On the trail: Pass is a champ | AspenTimes.com

On the trail: Pass is a champ

Scott Condon
Aspen, CO Colorado

Aspenites love the outdoors, and many love a contest, so I’m going to combine the two. There’s nothing to win, except the satisfaction of educating a fellow traveler.

I took a pleasant hike last Saturday to a pass east of Aspen that isn’t named on the maps I consulted. I’m curious if anyone knows its name. (Steve Crockett, if you’re out there, I bet you know.)

The hike began at a trailhead at the last big switchback on Highway 82, on the east side of Independence Pass. A singletrack heads into a classic U-shaped valley to the north. Majestic Mount Champion, pockmarked with old mine dumps, looms to the east.

The trail flirts with the North Fork of Lake Creek for roughly three miles. It’s easy to follow except where it becomes braided. Even then, the braids rediscover one another.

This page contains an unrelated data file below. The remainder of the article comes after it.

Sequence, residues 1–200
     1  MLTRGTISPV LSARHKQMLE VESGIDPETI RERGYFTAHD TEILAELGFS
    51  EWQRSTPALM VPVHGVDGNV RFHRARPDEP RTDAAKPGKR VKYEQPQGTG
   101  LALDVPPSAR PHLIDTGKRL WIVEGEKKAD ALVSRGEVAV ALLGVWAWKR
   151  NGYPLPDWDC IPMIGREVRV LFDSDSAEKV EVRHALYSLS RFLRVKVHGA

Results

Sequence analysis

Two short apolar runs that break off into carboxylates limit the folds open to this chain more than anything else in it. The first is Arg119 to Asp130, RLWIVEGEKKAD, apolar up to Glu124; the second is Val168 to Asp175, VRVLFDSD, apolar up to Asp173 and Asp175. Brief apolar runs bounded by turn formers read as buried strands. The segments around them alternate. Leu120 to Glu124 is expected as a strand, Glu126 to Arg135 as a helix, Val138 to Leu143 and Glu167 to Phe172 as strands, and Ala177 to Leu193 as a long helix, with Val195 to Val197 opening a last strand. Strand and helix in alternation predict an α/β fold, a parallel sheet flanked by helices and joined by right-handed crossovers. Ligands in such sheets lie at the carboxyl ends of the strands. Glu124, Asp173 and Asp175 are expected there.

The Trails Illustrated and U.S. Geological Survey quad for the area show the trail eventually splits, but only an easterly branch was evident. That suited me, since that was the direction I hoped to do.

After a little more than two miles of easy hiking, the trail finally makes you work for the final mile or so ” gaining moderate elevation at first, then switchbacking up a slope. It’s a miniature version of Buckskin Pass, the classic route between Crater and Snowmass lakes.

What appears from the valley floor to be the pass is actually a false summit. There is a plateau featuring a deep, clear little lake at about 12,400 feet. A few hundred feet past the lake is the real summit of the pass and a big visual payoff. There is a great view to the Fryingpan Lakes, about 2 miles to the north, as well as the deep forest of the Fryingpan Valley and the big peaks of the Continental Divide and Holy Cross Wilderness. The craggy summit of Deer Mountain, topping 13,000 feet, is so close it invites you to reach out and touch it. Mount Oklahoma, the tallest peak in the Hunter-Fryingpan Wilderness, looms just beyond.

The Trails Illustrated and USGS quad maps don’t offer a name for the pass or its small lake. One hiker sharing the trail claimed locals call it Fryingpan Pass, since the lakes are so close. I’m skeptical. Deer Pass and Champion Pass seem just as deserving. If anyone knows, please write me at the e-mail address below.

Scott Condon’s e-mail address is scondon@aspentimes.com